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State-of-the-Art, Challenges, Examples, Future Prospects

The growing interest in, e.g. new energy conversion and storage systems drives the fast development of new analytical techniques that allow for in-situ and operando characterization of electrochemical interfaces to gain atomic-level understanding of underlying processes in devices including batteries, fuel cells, water electrolyzers, supercapacitors, etc. The workshop aims at bringing together scientists who are interested in fundamental processes occurring at the interfaces and in the bulk of electrode and electrolyte materials and provides interdisciplinary education to PhD students.

This event takes place in the following cycle:

Each month


• Language: English
• Duration: 60 min, followed by a 30 min Q&A session
• For now, this lecture series will only be held online. Please register here.

Lecture Series Winter semester 2021/22





Oct. 20th


Mikhail Avdeev

In situ/operando studies of electrochemical interfaces with neutrons

Joint Institute for Nuclear Research

Nov. 17th


Michael Metzger

On-line electrochemical mass spectrometry – an operando technique to analyze materials degradation processes in lithium-ion batteries

Dalhousie University

Dec. 15th


Jörg Libuda

In-situ infrared spectroscopy in ultra-high vacuum, in electrochemical, and in photoelectrochemical environments

Friedrich–Alexander University Erlangen–Nürnberg

Jan. 12th


Alexander Föhlisch

Insights from soft x-ray spectroscopy

Helmholtz-Zentrum Berlin

Feb. 16th


Axel Knop-Gericke

What do we learn by the application of operando soft X-ray spectroscopy to electrochemical reactions?

Fritz-Haber Insititute

March 9th


Susan Schorr

In situ XRD characterization of temperature-dependent structural changes in photovoltaic materials

Helmholtz-Zentrum Berlin


20. 10. 2021 Mikhail Avdeev

In situ/operando studies of electrochemical interfaces with neutrons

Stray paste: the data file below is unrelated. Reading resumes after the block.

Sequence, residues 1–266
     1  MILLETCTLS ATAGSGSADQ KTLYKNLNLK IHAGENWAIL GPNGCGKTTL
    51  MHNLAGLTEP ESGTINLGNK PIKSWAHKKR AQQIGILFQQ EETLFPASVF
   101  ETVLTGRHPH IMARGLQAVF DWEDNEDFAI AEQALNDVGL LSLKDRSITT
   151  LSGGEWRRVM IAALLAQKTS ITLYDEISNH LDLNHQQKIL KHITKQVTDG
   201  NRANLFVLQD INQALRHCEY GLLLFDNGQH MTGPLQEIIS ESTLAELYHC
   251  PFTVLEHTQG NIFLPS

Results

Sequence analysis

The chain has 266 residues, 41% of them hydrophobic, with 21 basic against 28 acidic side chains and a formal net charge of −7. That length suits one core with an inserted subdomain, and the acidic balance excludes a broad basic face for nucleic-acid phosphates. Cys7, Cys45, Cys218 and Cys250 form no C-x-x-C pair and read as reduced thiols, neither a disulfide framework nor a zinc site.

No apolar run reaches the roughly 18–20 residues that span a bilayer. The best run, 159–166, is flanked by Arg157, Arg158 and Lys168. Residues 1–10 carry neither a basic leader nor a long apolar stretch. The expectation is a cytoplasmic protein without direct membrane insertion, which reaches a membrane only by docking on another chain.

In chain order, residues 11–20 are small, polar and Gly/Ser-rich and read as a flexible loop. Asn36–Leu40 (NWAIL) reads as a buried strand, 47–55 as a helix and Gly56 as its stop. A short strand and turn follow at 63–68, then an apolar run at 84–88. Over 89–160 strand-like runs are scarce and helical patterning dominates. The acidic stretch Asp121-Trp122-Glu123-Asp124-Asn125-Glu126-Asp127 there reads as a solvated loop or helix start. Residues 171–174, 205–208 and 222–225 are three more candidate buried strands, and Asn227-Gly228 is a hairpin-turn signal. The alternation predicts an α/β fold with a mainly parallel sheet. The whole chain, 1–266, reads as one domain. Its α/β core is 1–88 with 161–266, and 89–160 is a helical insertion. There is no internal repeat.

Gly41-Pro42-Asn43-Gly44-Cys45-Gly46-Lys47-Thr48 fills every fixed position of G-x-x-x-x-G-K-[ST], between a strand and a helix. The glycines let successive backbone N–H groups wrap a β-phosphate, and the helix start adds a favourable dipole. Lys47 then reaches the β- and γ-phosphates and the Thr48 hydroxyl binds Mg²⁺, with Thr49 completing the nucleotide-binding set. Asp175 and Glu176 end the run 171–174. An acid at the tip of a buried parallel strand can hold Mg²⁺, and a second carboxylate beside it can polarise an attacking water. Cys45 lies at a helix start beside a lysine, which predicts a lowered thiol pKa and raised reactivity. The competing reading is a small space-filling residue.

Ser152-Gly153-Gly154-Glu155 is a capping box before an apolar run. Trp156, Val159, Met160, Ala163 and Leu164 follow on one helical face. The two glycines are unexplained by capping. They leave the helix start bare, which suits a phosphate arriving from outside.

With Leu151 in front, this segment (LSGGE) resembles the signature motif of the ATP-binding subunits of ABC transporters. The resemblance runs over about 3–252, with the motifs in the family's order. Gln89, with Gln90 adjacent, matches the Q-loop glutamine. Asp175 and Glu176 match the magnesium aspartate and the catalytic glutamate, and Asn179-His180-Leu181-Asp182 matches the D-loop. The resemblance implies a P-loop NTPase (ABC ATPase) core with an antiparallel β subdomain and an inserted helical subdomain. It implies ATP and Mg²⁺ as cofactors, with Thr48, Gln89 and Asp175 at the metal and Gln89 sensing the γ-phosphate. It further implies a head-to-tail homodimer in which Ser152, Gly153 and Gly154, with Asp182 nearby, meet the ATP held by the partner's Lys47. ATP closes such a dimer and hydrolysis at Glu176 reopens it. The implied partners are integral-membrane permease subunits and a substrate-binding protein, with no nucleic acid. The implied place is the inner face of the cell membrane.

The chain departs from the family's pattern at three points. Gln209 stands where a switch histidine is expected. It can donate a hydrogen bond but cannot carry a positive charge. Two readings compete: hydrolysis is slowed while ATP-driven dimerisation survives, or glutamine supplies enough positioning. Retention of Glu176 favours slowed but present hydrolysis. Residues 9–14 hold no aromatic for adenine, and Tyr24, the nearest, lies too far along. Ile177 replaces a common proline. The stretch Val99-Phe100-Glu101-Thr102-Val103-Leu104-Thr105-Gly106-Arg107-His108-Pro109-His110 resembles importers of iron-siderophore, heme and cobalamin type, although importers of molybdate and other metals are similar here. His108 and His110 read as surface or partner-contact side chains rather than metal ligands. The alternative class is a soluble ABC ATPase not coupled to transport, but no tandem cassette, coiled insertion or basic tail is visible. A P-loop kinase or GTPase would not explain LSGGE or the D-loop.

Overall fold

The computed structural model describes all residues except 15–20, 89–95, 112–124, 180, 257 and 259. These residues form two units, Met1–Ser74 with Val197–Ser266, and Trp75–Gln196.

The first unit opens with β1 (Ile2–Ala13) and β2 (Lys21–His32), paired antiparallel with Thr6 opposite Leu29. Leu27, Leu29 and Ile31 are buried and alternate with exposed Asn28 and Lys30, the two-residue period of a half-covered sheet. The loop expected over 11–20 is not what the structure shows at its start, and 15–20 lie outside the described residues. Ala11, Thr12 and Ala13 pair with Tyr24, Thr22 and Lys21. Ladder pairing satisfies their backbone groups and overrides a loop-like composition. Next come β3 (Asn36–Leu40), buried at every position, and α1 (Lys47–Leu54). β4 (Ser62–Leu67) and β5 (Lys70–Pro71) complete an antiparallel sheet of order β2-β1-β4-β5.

A review is given on the recent advances in neutron scattering techniques for studying electrochemical interfaces related mostly to the development of lithium power sources of different types. At present, lithium-ion batteries exhibit the highest specific energy storage capacity, the basis of which is the ability of electrode materials to insert (intercalate) and extract (deintercalate) lithium ions during battery charging/discharging, respectively. Further ways to significantly increase the specific capacity of electrochemical sources today are associated with lithium energy storage devices of non-intercalating type, such as lithium-ion sources with metal anodes or lithium-oxygen cells with carbon-based cathodes. In turn, this determines the need for the development of experimental approaches that would make it possible to perform in situ/operando studies of the structure of electrodes and electrolytes in operating cells. Scattering of thermal (energy <0.5 eV) neutrons has proven to be a promising method for this purpose, which allows tracking the structural evolution of the components of electrochemical cells. The report summarizes the experimental studies and diagnostics of electrochemical interfaces using neutron diffraction, reflectometry and small-angle scattering over the past ten years. The data obtained establish relationships between the microstructure of the components and macroscopic characteristics of electrochemical cells in various conditions. A comparison with similar applications of X-ray scattering at the sources of synchrotron radiation is presented.